On the Record The Salina Journal Thursday, January 9,1986 Page 9 Deaths & funerals Lena Holle Lena Holle, 84, 500 Anderson, died Wednesday, Jan. 8, at St. John's Hospital. ; She was born Dec. 11,1901. Funeral arrangements will be announced by the Bigge-Moos Chapel Funeral Home. Alice Studer CONCORDIA — Alice Studer, 69, Concordia, died Tuesday, Jan. 7, at St. Joseph Hospital, Concordia. Mrs. Studer was born Aug. 5,1916, in Ionia. She was a homemaker and a member of the First United Methodist Church. Survivors include her husband, William of the home; two sons, Eugene Clark 'of Concordia and Richard Clark of Atlanta; four daughters, Jeanette Brennan of Visalia, Calif., Alice Lorraine Pruitt of Augusta, Ga., Glada Atkins of Salina, and Ruth Ann Oliveira of Goshen, Calif.; a brother, Jack Loomis of Tacheco, Calif.; five sisters, Ethel Modlin of Scandia, May Linder of Hood River, Ore., Lucille Spooner of Phoenix, Ariz., Esther Thompson of Courtland, and Opal Thompson of Concordia; 22 grandchildren and seven great-grandchildren. The funeral will be at 2 p.m. Friday at the Chaput-Buoy Funeral Chapel, Concordia, the Rev. Stephen Letourneau officiating. Burial will be in the Caldwell Cemetery, south of Formoso. ; Memorials may be made to the American Lung Association. Visitation is at the funeral home. Allison D. Hassler CHAPMAN — Allison D. Hassler, 90, Chapman, died Tuesday, Jan. 7, at the Chapman Valley Manor. Mr. Hassler was born Feb. 23,1895, south of Chapman. He was a former principal of the Chapman Grade School and a former history and economics teacher at Chapman High School. He was a member of the American Legion, the Scherer Memorial Lutheran Church, and a 60- year member of the Masonic Lodge, all of Chapman. He was a veteran of World War I. Survivors include nieces and . nephews. The funeral will be at 1:30 p.m. Saturday at the Scherer Memorial Lutheran Church, Chapman, the Rev. W.W. Alexander officiating. Burial will be in the Reinhardt Cemetery, south of Chapman. Memorials may be made to the church or the Chapman Valley Manor. Visitation is at the Londeen Funeral Chapel, Chapman. Jessie F. Barstow OSBORNE — Jessie F. Barstow, 89, Osborne, died Tuesday, Jan. 7, at Parkview Manor, Osborne. Mrs. Barstow was born April 21, 1896, at Lewis. She was a homemaker and a member of the Osborne Garden Club. Survivors include her husband, Curt of the home; two sons, Edward Stigall of St. Joseph, Mo., and Rex Barstow of Wichita; two daughters, Dolores Clayburn and Pauline Dragon, both of Marcellus, Mich.; and seven grandchildren. The funeral will be at 11 a.m. Friday at Clark-Gashaw Mortuary, Osborne, the Rev. Anthony Benigas officiating. Burial will be in Lewis Cemetery. Memorials may be made to the Assembly of God Church, Osborne. Friends may call from 2 to 8 p.m. today at the mortuary. ' Albert E. Kay MINNEAPOLIS — Albert E. Kay, 73, Minneapolis, died Wednesday, Jan. 8, at Ottawa County Hospital, Minneapolis. Funeral arrangements will be announced by Shields Funeral Home, Minneapolis. Hays man named Lindsborg official A Hays resident, Dale Ward, has been hired as Lindsborg city administrator. Ward has a master's degree from the University of Kansas. At Hays, he is district manager for Ralston Purina Co. He will assume his Lindsborg duties Feb. 10. Ward replaces Ann Gottberg, who left Dec. 1 to become McPherson County administrator. Official says defense may avoid cuts WICHITA — Sizable defense spending cuts aren't inevitable despite budget-balancing legislation enacted by Congress last month, Air Force Secretary Russell Rourke said Wednesday. "There are cynics in the city of Washington who will say, 'Give up while the giving's good. You've had it. You had four or five good years over at Defense now it's time to eat the apple. You don't have a prayer. Your budget is going to be cut to ribbons.' "Rourkesaid. "The president of the United States didn't accept that. Your majority leader in the Senate didn't accept it. I don't accept it." Rourke spoke at a press conference after a brief tour of McConnell Air Force Base in Wichita. President Reagan's fiscal 1987 budget will provide for 3 percent real growth for the Department of Defense, said Rourke, 54, who became Air Force secretary in December after serving as the Pentagon's chief lobbyist for more than four years. The secretary said the Reagan administration's defense buildup will continue. Asked to guarantee that McConnell will be kept open and will receive 16 B-lb bombers as scheduled starting in 1987, Rourke said, "As sure as taxes are and death, and you can guarantee Russell Rourke yourself on both of those." There had been concern about McConnell's status because it was included on a March list of 22 bases the Pentagon said could be closed to cut military spending without affecting national security. Rourke acknowledged the Graham-Rudman- Hollings federal budget reduction law would force the Pentagon to carefully scrutinize programs still under development. "Some of those luxuries are going to be gone," he said. "And we're not going to be able to get everything that we think is absolutely needed for national-security." The secretary said a re-evaluation of defense projects would be complete in May or June. One of the programs being studied is a T-46 trainer contract the Air Force has with Fairchild Republic Co. of Long Island, N.Y. A Wichita manufacturer, Cessna Aircraft Co., has submitted an unsolicited proposal suggesting the cancellation of the contract in favor of refurbishing or building new T-37s, a trainer Cessna built. Russ Meyer, Cessna board chairman, attended Wednesday's press conference and said afterward he thinks the tightening of federal spending will help Cessna. He said T-37s produced by Cessna would cost the government about $2.1 million a plane for a total cost of about $1.2 billion. Meyer said the Fairchild T-46s will cost a total of $5 billion to produce. Semis collide head-on as 3 die in fiery crash Grain Livestock CHICAGO (AP) — Futures trading Wednes' day on the Chicago Board of Trade: Open High Low Lait Chg. 5,000 bu minimum; dollars per buihel WHEAT 'Mar .'May Jul Sep 'Dec .CORN • Mar •May Jul ISep .Dec •Mar OATS Mar .May •Jul Sep Dec 3.33V, 3.11V, 2.79V. 2.79 2.89V. 2.48 1 /. 2.52V. 2.52V, 2.34V, 2.24V. 2.32V, 1.38% 1 .39V 4 1.38 1.34 1.42 3.34V, 3.12V. 2.80V. 2.80 2.90 2.49V. 2.53V. 2.53V, 2.35 2.25 2.32V, 1.39 1.40 1.38 1 .34 V, 1.42 3.31 V. 3.09V, 2.79V, 2.79 2.88V. 2.48V. 2.52 2.52V. 2.34V, 2.24 2.32 1.38V. 1 .39 ! /i 1.37 1.34 1.41 3.33V, 3.11 2.80 2.79V. 2.89V. 2.48V, 2.52V, 2.52V, 2.34V, 2.24V, 2.32V, 1 .3BV. 1.40 1.37V, 1.34V, 1.41 —,00V. — .oov. — .oov. — .ooy. —.oov. —.oov. —.oov, —.oov. —.oov, —.oov, —.oov, — .01 —.00% SOYBEANS Jon Mar May Jul Aug Sep Nov Jan Mar 5.41 V, 5.51 '/. 5.62V, 5.71 5.70V, 5.50 5.43 5.52V, 5.62 5.43 5.53V, 5.65 5.73V. 5.71 5.50 5.43 5.53V, 5.63 '/, 5.37V. 5.48 5.58V. 5.68 5.67 5.47 5.41 5.51 V, 5.61V, 5.42V, 5.52V, 5.63V, 5.72V, 5.68 5.49 5.43 5.53V, 5.63V, —.01 + .oov. —.02 + .02 + .oov. —.oov, —.oov, CHICAGO (AP) — Futures trading Wednesday on the Chicago Mercantile Exchange: low Settle Chg. 57.30 59.02 58.65 57.65 56.95 58.80 57.30 59.20 59.05 58.20 57.07 59.00 —1.50 —1.32 —.97 —.80 —.78 —.60 65.45 64.95 65.05 64.00 65.05 perlb. 46.00 41.90 45.30 45.60 44.75 41.50 42.50 42.75 39.85 64.00 63.60 63.95 63.00 64.00 44.92 40.60 44.30 44.90 43.60 40.90 42.02 42.57 39.85 64.05 63.80 64.15 63.10 64.00 45.00 40.75 44.40 44.90 43.70 40.90 42.02 42.57 39.85 —1.02 —1.22 —.80 —.85 —1.05 —1.20 —1.25 —.87 —.65 —1.00 —.62 —.40 —.18 + .05 CHICAGO (AP) — Soybean futures prices rallied near the close to overcome some earlier declines Wednesday at the Chicago Board of Trade. Grain prices were mostly lower. At the close, wheat was 3 /« cent lower with the contract lor delivery in March at $3.33V, a bushel; corn was unchanged to '/« cent lower with March at $2.48% a bushel: oats were unchanged to V, cent lower wiht March at $1.38'/4 a bushel and soybeans were 1 cent lower to 2 cents higher with January at $5.42'/, 0 bushel. KANSAS CITY (AP) — Wheat futures Wednesday on the Kansas City Board of Trade: Open High Low Settle Chg. WHEAT •5,000 bu minimum; dollarl per buihel •Mar 3.29 3.29V. 3.27% 3.28% —.01V, 'May 3.10 3.10 1 /, 3.08'/i 3.09V, —.OOV. 'Jul 2.89 2.80 2.78'/4 2.78'A — .01 V. .Sep 2.80% 2.87 2.79 2.79% —.02 •Dec 2.87 2.87 2.87 2.87 ' KANSAS CITY, Mo. (AP) — Wheat 27 cars: 2 'lower to 3 higher; No. 2 hard 3.43V,-3.48; No. 3 •3.64; No. 2 red wheat 3.20V4-3.29V.n; No. 3 3.09'/<-3.28%n. Corn 21 cars: Unch to 2 lower; No. 2 white 2.40-2.60n; No. 3 2.15-2.55n; No. 2 yellow 2.50 l /,-2.61%n;No.32.30'/,-2.60%n. No.2milo3.99-4.09n. No. 1 soybeans 5.22V,-5.31 n. Hoppers 78.00-80.00. Salina terminal, Wednesday Hard wheat—$3.12 unch Corn—$2.43 down 1 cents Milo—$3.80 down 1 cents Soybeans—$5.09 up 2 cents Country elevator composite, Wednesday Hard wneat—$2.97 unch Corn—$2.38 down 1 cents Milo—$3.70 down 1 cents ' Soybeans—$4.99 up 2 cents 63.50 63.70 64.85 64.80 62.45 63.67 63.95 64.97 65.10 62.45 —1.68 —1.37 —1.23 —.85 —.95 Metals NEW YORK (AP) — Selected world gold prices Wednesday. ' Foreign — London morning fixing $330.90, up $0.90; London afternoon fixing $332.60, up $2.60; Paris afternoon $332.30. up $1.90; Frankfurt fixing $331.16. up $1.51; Zurich late afternoon bid $331.50. up $1.50 $332.00 asked. Domestic — Handy S Harmon $332.60. up $2.35; Engelhard $333.00, up $2.60; Engelhard fabricated $349.65, up $2.73; NY Comex gold spot month Wednesday $334.40. up $3.40; Republic National Bank $333.00, up $2.50. NEW YORK (AP) — Handy & Harmon silver Wednesday $5.870. up 0.010; the bullion price for silver earlier in London was $5.895, up $0.050; Engelhard silver $5.890, up $0.030; fabricated $6.302. up $0.032; NY Comex silver spot month Tuesday at $5.903, up 0.067. Open High CATTLE 40,000 Ibs.; cents per Ib. Feb 58.60 58.60 Apr 60.30 60.40 Jun 60.00 60.20 Aug 59.00 59.10 Oct 57.80 58.00 Dec 59.50 59.50 FEEDER CATTLE 44,000 lbi.;centi perlb. Jan 65.20 " ~ Mar 64.90 Apr 65.00 May 64.00 Aug 65.05 HOGS 30,000 Ibi.; cent! Feb 46.00 Apr 41.70 Jun 45.17 Jul 45.55 Aug 44.75 Oct 41.32 Dec 42.27 Feb 42.75 Apr 39.85 PORK BELLIES 38,000 Ibi.; cents per Ib. Feb 64.75 64.85 Mar 64.90 64.90 May 65.80 65.90 Jul 65.55 65.60 Aug 63.20 63.20 OMAHA, Neb. (AP) — Omaha Livestock Market quotations Wednesday: Hogs: 2300; barrows and gilts 50-1.25 lower, many 1.00 lower; fairly active trading after slow opening; U.S. 1 -3s 215-250 Ibs 46.50-47.00, 170 head 47.25; sow weights under 500 Ibs steady to 25 lower, over 500 Ibs 1.00 lower; 350-650 Ibs 37.00-38.25. Cattle and Calves: 700; light supply steers and heifers steady; few cows steady; steers choice 1100-1325 Ibs 60.00-61.00; mixed good and choice 1050-1200 Ibs 58.00-60.00; heifers limited offerings choice 975-1100 Ibs 58.5059.00; mixed good and choice 925-1025 Ibs 56.00-59.00; cows high cutter and boning utility 32.00-33.00; Conner and low cutter 28.50-32.00. KANSAS CITY, Mo. (AP) — Quotations for Wednesdy: Cattle 1,200: Trading slow, slaughter cows steady to 1.00 lower. Not enough of any other class to establish market prices. Slaughter cows, cutter and boning utility 31.00-36.00, high dressing individual 36.60. Feeder steers, medium frame 1, few mixed lots steers and bulls 300-500 Ib 64.5065.60. Feeder heifers, few medium frame 1, 360-600 Ib 53.00-55.85. Hogs 1,000: Trading slow, barrows and gilts 50 lower; 1-3210-260 Ib 46.50-47.00; 2-3 one lot 265 Ib 46.25; one lot 285 Ib 44.50. Sows uneven; under 500 Ib 50 lower, over 500 Ib 2.50 lower; 1 3 300-600 Ib 37.50. DODGE CITY (AP) — Western Kansas feedlot sales: Trade moderate. Slaughter steers and heifers 1.00-1.50 lower, ful decline late. Inquiry good, demand light. Soles confirmed on 6,200 slaughter steers and 6,200 slaughter heifers Tuesday. For the week to date 29,400 head confirmed. Slaughter steers: Choice 2-3, few 4 1080-1225 Ib 60.00-61.00, mostly 60.50; choice with end good 2-3 1075-1225 Ib 59.50-60.50, few early 61.00; few mixed good and choice 1125-1300 Ib 58.50-59.50. Slaughter heifers: Choice 2-3, few 4 950-1100 Ib 58.25-60.00, mostly 59.00; choice with end good 960-1050 Ib 58.25-59.50; few mixed good and choice 1000 Ib 59.00. Sales FOB feedlot net weights after 4 percent shrink. ST. JOSEPH, Mo. (AP) — Quotations for Wednesday: Cattle-feeders 5,500: Feeder steers and heifers steady to 2.00 higher, most advance on calves and short yearlings compared to mid-december sale. Not enough on offer over year end holidays to establish price trends. Feeder steers, medium and large frame 1, 375-400 Ib 68.50-73.00; 400-500 Ib 66.0070.25: 500-600 Ib 60.00-66.50; 600-700 Ib 58.0062.00; 700-800 Ib 58.00-61.25; 800-950 Ib 57.0058.10, fleshy 830 Ib 56.00. Feeder heifers, medium and large frame 1, 300-500 Ib 56.0061.25; 500-800 Ib 54.00-56.50. calves and short yearlings. Hogs 2,000: Borrows and gilts 25-50 lower; 1 3 200-260 Ib 46.50-47.00; 2-3 250-270 Ib 46.0046.50; shipment 3-4 340 Ib 41.00. Sows under 500 Ib 25-50 lower, over 500 Ib 2.00-3.00 lower; 1 -2 300-500 Ib 37.00-37.50; 1 -3 500-650 Ib 37.0038.00. STRONG CITY (AP) — Three people were killed in the fiery head- on collision of two tractor semi- trailer trucks on a U.S. 50 bridge east of Strong City before dawn Wednesday, the Kansas Highway Patrol said. "It appears the trucks exploded on impact, so there's no way anyone could have survived," said Sherry Meyers, a patrol dispatcher in Salina. The highway was closed between Strong City and Emporia until about 6:30 p.m. as workers cleared wreckage and debris from the bridge. The patrol identified the driver of one truck as Thomas Helton, 60, of Liberty, Mo. He was alone. The driver of the other truck was identified as James H. Woodard, 20, of Batesville, Ark. The identity of a passenger in his truck was not known, authorities said. Investigators said one of the trucks was hauling toys and other merchandise. The second truck was loaded with bricks of frozen meat. Some of the meat was found 50 yards from the crash site. . A firefighter at the scene said one of the drivers was thrown from his vehicle to the rear of the second truck. The driver and passenger in the second truck were trapped inside and burned beyond recognition, the firefighter said. Three volunteer fire departments in Chase County were at the scene several hours trying to bring the fire under control. Heavy smoke billow- Ing from the wreckage could be seen from several miles away and prevented emergency workers from getting close to the trucks. Cold weather caused fire hoses to freeze. The collision occurred on the same stretch of two-lane highway where seven people died in traffic accidents last year. The crashed occurred on a bridge over Peyton Creek that is being prepared for replacement later this year. Highway Patrol Superintendent Bert Cantwell was in Chase County Wednesday for a meeting with county officials and legislators to discuss the number of fatalities on the route and other matters. He went to the scene of the truck collision to inspect the road. The accident occurred about five miles east of Strong City. SRS official gets support for office smoking ban TOPEKA (AP) - Robert Harder, secretary of the state Department of Social and Rehabilitation Services, has won the first round in the battle over a smoking ban he has imposed in SRS offices throughout the state. The first challenge to Harder's edict came from some SRS employees, who contended it could not be enforced in the elevator lobby on the sixth floor of the State Office Building here — which is the floor occupied by the SRS central headquarters. The smokers argued the lobby area was a public area and technically not leased by SRS. But Harder took the position that becuase SRS occupies the entire sixth floor of the building, the elevator lobby area constituted SRS space and the smoking ban applied to it. The issue went to Marvin "Mike" Harder, state secretary of administration, for a ruling. Mike Harder, who is no relation to the SRS secretary, agreed with Robert Harder. That means the smoking ban remains in force in the entire sixth floor of the State Office Building, as well as in non-public areas of SRS facilities throughout Kansas. While other state agencies have not followed Robert Harder's lead so far, some are expected to follow suit once they see how his order is received by workers and how challenges are resolved. Harder said he has received no requests from any SRS employees to modify his order, which took effect Jan. 1. "This policy has been bumped around for a number of months and, while in an agency as big as this not everyone would have been in a position to learn or know of it, we at least got the word to all our key administrators about what we would be doing," he said. "Our position has already been modified slightly. Originally, we said the smoking ban would apply to patients in our institutions as well, and we've backed off from that." Sabol grants waiver on nursing home rule For your information TOPEKA (AP) — Barbara Sabol, secretary of the state Department of Health and Environment, Wednesday agreed to wait until July 1,1988, to implement a state mandate that requires nursing homes to provide 24- hour licensed nursing care. The legislative committee that reviews rules and regulations drafted by state agencies had suggested Tuesday that the department postpone for an additional year a requirement that Kansas nursing homes provide round-the-clock care by licensed nurses. A shortage of licensed nurses was the reason for seeking the additional delay, said state Rep. J. Santford Duncan, R-Wichita. Starting July 1, 1986, nursing homes are supposed to provide the 24-hour care by licensed nurses. However, after they applied for a waiver, they automatically were given a grace period until July 1, 1987, to provide the licensed nurse care. After July 1, 1988, no additional waivers will be granted, said Bob Moody, a Health and Environment Department spokesman. "She has agreed to the committee's recommendation," Moody Oklahoman faces trial OTTAWA (AP) — A Custer City, Okla., truck driver was bound over for trial Wednesday on charges he robbed and tied up two people at an I- 35 rest stop in eastern Kansas on New Year's Eve. Larry K. Crawford, 40, was to be arraigned today on charges of aggravated kidnapping, aggravated robbery, aggravated assault and kidnapping. Correction Because of a Journal error, a municipal court item in Wednesday's edition incorrectly listed the address of Donald R. Smith. Smith's address is 1101 N. Seventh. Robert E. Denman, 70,1927 Page, who died Tuesday, is survived by two grandchildren. The information on survivors was omitted in an obituary published Wednesday. said. "The secretary felt the recommendation met her objective of establishing a definite time frame for requiring the 24-hour nursing care in the homes. "But as of July 1,1988, there will be no more waivers." The nursing home industry is divided whether the two-year delay is needed. The Kansas Health Care Association, a group of about 250 profit- making nursing homes, says the two- year period is needed to study problems related the 24-hour nursing coverage. The Kansas Association of Homes for the Aging, a group of 70 non-profit homes, contends the delay is unnecessary. Both groups agree the 24-hour coverage is needed, but differ over the financial effects on nursing homes. The department estimates it will cost the nursing homes $2 million a year in added costs. Weather Hospital admissions Asbury — Margaret J. Baetz, 915 Russell; Geneann F. Gordon, 1112 Oak Circle; Vesta E. Hartzell, 610 Gypsum; Carol Jo Jackson, 913 Gypsum; Venicca Renee Wheeler, 819 Tulane; Cranston E. Barrett, Hope; Fred V. Dellett, Larned; Marilyn L. Glover, Americus; Lucille M. Harold, Junction City; Melba M. Lonberger, Lincoln; Waldon L. Nelson, Russell; Barbara J. Reh, Lucas; and Pandora A. Smith, Woodbine. St. John's — Eunice Jo Smith, Rt. 1; Selma Steele, 820 Manchester; John A. Eberwein, 1700 Quincy; Daniel R. Saulnier, 1900 Simmons; Paul G. Shipp, 906 Kennison; Nicholas Kuntzsch, 1329 Franklin; Albina Cisneros, Kanopolis; Chantry B. George, Lindsborg; Brandon M. Marcotte, Solomon; and Kay E. Oliver, Concordia. Hospital dismissals Asbury — Margaret J. Carpenter, Salina; Elmer L. Cobb, 401 Anderson; Lenora M. Farmer, 331 Missouri; Margie L. Gomel, 1008 Harold; Gladys M. Graf, 508 Moon; Kaiser baby girl, 611S. Second; Beverly M. Krich and baby boy, 1220 W. North; Tara M. Nelson, Marymount College; Trevor L. Stroda, 204% E. Kirwin; Cheryl A. Collins, Belleville; Cecile J. Errebo, Sylvan Grove; Oswald W. Johnson, Lindsborg; Patti S. Richards, Solomon; Philip A. Ross, Bridgeport; Velma M. Schultz, Gaylord; and Charles E. Zahn, Abilene. St. John's — Barbara J. Allen, 428 E. Clatlin; Harvey L. Miller, 324 N. Perm; Scott R. Vidrine, 612 W. Lincoln; Frank T. Stejskal, Rush Center; Clarence C. Van- dergiesen, Downs; and Dorothy L. Casey, Minneapolis. Births Boy: Gregory T. and Geneann F. Gordon, 1112 Oak Circle, 6 Ibs. 14 ozs., born Jan. 8. Municipal Court Criminal — Donald R. Smith, 29,1101 N. Seventh, a charge of petty larceny for taking $23.36 worth of merchandise on Nov. 19 from Alco Discount Store, 1820 S. Ninth; 30 days in jail, with parole granted after 10 days, $100 fine. Traffic - Willis E. Henning, 41, 337 N. 13th, a charge of driving while under the influence; diversion granted. Recycling Newspapers that are bagged or tied in bundles will be accepted during a recycling drive from 9 a.m. to 1 p.m. Saturday at the First Covenant Church Youth Center parking lot, one-fourth block west of the church on Cloud. Only newspapers, computer paper and aluminum cans will be accepted. The drive is corsponsored by the League of Women Voters of Salina. EXTENDED OUTLOOK Saturday through Monday Little or no precipitation expected, with lows in the mid-20s to low 30s and highs in the mid-40s to mid-50s. ZONE FORECASTS Zones 1 and 2 — Sunny today, with highs in the low to mid-50s and variable winds 5 to 15 mph. Mostly clear tonight, with lows in the mid- to upper 20s. Partly cloudy Friday, with highs about 50. Zones 3, 4, 5, 6, 7 and 8 — Sunny today, with highs in the low 50s and south winds 10 to 20 mph. Mostly clear tonight, with lows in the mid- to upper 20s. Partly cloudy Friday, with highs about 50. Zones 10 and 11 — Sunny today, with highs about 50 and south winds 10 to 20 mph. Mostly clear with lows in the mid-20s. Partly cloudy Friday, with highs about 50. Zones 9 and 12 — Sunny today, with highs in the upper 40s and south winds 10 to 20 mph. Mostly clear tonight, with lows in the low 20s. Partly cloudy Friday, with highs about 50. Zones 13,14,15,15 and 17 — Sunny today, with highs in the upper 40s and south winds 10 to 20 mph. Mostly clear tonight, with lows about 20. Partly cloudy Friday, with highs about 50. ELSEWHERE IN KANSAS Wednesday highs-lows to 6 p.m. Belleville 40-12, Beloit 43-12, Chanute 35-9, Coffeyville 39-9, Concordia 40-13. Dodge City 40-16, Emporia 35-7, The Forecast/for 7 p.m. EST, Thu., Jan.9 National Weather Service NOAA U S Deot ol Commerce Garden City 45-14, Goodland 47-18, Hill City 50-12, Hutchinson 41-11, Pittsburg 36-9, Russell 42-15, Topeka 35-8, Wichita 34-10. SALINA WEATHER At City Airport, 9 p.m. Wednesday: Temperature 26F; Barometer 30.49 in.; Wind S 16 mph; Relative Humidity 50% ; 24-hour Precipitation to 7 p.m. none. Wednesday's High 39 ; Record is 67 in 1963. Wednesday's Low to 9 p.m. 10; Record is -28 in 1913. Today's Sunset 5 : 26 ; Tomorrow's Sunrise 7 : 49. Broadcasting of local, state and regional weather conditions continues 24 hours a day on NOAA Weather Radio WXK-92 on a frequency of 162.400 MHzFM. ,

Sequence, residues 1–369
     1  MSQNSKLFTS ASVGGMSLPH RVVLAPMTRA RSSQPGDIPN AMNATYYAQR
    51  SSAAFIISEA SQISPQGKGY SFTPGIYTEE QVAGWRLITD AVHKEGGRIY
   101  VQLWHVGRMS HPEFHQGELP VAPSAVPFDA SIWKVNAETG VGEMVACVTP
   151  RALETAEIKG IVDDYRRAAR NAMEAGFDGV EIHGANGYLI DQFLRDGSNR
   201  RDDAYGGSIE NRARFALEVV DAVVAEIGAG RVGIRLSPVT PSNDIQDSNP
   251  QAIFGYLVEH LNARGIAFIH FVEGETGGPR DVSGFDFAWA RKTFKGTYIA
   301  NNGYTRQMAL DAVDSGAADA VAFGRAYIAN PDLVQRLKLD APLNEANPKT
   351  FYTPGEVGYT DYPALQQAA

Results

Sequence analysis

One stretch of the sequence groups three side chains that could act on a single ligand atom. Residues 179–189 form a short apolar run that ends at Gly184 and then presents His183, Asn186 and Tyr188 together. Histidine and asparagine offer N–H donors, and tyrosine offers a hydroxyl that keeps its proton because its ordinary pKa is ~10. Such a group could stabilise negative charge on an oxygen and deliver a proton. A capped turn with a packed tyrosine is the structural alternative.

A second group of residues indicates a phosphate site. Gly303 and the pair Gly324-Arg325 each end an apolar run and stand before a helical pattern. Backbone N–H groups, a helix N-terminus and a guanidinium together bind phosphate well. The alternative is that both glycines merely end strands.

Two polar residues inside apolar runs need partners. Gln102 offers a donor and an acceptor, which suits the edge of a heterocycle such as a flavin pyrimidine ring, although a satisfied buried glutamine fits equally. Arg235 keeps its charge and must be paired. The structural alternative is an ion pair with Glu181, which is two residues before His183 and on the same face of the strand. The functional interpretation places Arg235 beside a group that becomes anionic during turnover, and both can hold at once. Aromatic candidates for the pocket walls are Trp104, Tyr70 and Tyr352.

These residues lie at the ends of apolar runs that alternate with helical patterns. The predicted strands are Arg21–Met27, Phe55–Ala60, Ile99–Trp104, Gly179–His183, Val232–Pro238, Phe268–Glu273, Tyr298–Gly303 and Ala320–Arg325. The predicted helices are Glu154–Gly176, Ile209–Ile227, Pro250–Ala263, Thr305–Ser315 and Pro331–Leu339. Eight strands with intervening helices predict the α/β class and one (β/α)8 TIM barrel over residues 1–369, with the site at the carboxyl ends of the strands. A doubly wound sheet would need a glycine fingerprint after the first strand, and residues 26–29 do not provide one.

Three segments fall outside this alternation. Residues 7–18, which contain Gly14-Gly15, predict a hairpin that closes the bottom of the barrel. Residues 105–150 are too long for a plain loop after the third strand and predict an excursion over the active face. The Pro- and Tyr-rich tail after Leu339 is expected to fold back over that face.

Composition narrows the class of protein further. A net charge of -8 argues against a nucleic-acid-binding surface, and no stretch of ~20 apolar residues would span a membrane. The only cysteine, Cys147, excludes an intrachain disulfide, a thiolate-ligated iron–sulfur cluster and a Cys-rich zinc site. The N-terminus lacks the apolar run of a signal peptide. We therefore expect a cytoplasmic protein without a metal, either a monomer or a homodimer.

What members have found on this page

Get access to Newspapers.com

  • The largest online newspaper archive
  • 11,100+ newspapers from the 1700s–2000s
  • Millions of additional pages added every month

Try it free